COVID conundrums

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| By Dr. Ronald Hoffman

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COVID conundrums

We’re at a crossroads. More people are receiving vaccines as availability improves and hesitancy abates. There’s a slight uptick in cases, but that’s to be expected as restrictions loosen and spring fever overtakes restless young people who haven’t yet been immunized.

But questions remain: Where are we headed? Are things getting better, or are we on the cusp of a dreaded “4th wave”? It’s a schizophrenic time.

Last week, CDC head Rochelle Walensky, proclaimed she had a sense of “impending doom” and implored people to hang in for “just a while longer” and maintain precautions. She said she “can’t face the prospect of another COVID-19 surge”.

But paradoxically, she claimed that the latest data shows that vaccinated people had “zero chance” of spreading the virus. That may be the case, but it’s far from “settled science”.

How do we reconcile these seemingly contradictory statements from a respected medical authority, formerly the head of Infectious Disease at the prestigious Massachusetts General Hospital?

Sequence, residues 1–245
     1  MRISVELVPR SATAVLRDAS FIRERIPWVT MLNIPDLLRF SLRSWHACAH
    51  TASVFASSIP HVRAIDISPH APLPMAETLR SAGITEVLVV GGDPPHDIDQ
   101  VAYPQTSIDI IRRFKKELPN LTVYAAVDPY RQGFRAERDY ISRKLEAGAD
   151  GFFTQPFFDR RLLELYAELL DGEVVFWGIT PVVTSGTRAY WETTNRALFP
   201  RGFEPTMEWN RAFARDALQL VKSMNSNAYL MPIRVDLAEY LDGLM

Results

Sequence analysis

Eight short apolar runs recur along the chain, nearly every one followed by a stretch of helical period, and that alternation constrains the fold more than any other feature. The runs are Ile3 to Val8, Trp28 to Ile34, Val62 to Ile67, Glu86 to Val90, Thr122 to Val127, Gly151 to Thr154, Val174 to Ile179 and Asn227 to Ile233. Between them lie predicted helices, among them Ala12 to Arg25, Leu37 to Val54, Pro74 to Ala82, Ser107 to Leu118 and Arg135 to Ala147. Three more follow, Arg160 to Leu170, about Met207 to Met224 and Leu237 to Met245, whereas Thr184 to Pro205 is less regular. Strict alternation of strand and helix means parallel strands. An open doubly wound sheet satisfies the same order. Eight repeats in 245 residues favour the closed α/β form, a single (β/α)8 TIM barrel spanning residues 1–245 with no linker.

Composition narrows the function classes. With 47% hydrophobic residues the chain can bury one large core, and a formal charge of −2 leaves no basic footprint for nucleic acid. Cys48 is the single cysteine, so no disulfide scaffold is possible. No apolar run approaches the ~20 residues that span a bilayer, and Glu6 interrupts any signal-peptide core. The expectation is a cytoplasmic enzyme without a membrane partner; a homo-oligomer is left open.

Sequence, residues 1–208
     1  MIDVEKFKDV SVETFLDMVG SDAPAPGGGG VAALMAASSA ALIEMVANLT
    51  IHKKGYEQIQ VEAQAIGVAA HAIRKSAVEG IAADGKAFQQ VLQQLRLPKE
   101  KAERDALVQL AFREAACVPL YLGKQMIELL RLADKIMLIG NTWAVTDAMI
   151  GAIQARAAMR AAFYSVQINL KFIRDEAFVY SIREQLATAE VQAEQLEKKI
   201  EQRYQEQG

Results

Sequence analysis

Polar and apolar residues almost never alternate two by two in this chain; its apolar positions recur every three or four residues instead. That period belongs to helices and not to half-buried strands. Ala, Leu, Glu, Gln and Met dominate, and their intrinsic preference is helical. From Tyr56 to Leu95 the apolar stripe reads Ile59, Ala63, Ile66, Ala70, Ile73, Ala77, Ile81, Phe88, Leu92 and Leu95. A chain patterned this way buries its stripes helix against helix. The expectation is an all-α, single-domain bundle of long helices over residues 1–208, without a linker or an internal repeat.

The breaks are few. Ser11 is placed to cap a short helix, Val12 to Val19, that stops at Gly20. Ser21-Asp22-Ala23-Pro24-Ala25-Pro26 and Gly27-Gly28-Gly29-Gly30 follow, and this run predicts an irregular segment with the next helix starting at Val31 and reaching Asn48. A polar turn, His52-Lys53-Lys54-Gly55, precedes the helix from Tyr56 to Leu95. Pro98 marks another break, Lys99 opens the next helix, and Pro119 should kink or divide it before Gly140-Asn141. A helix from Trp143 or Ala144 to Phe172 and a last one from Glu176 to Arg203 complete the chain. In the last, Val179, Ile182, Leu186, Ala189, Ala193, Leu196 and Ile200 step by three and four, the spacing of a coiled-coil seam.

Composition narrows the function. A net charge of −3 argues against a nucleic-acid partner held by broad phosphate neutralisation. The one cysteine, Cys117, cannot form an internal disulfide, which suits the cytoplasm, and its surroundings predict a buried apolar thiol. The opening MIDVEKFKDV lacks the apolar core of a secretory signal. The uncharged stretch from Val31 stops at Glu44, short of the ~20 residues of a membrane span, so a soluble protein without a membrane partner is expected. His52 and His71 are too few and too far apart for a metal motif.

I attribute her downer prognostications to the negativity bias that doctors have. Yes, we are drilled to anticipate the worst. Most Americans who smoke, drink, eat junk food, don’t exercise, and do nothing about their excess pounds blow off their doctors’ advice until they get really sick. Now America is stricken with COVID-19, so all of a sudden, we’re listening attentively to the dire warnings of health authorities we usually ignore. Nerdy doctors are suddenly veritable rock stars, courted by the media, who tend to sensationalize the negative. Politicians may have their own ulterior motives when they tell us to “follow the science” – or not.

So where are we really headed? The answers to these questions will determine the course of the pandemic:

  • Will people who’ve had COVID-19 enjoy long-lasting immunity? It’s a proposition that’s highly controversial. There are some ominous signs from Brazil that new variants will elude people’s immune defenses acquired from last year’s COVID-19, but other studies suggest that, even if antibodies wane, T-cell memory will confer protection even against new variants. A new test has just been launched to assess T-cell mediated COVID-19 immunity.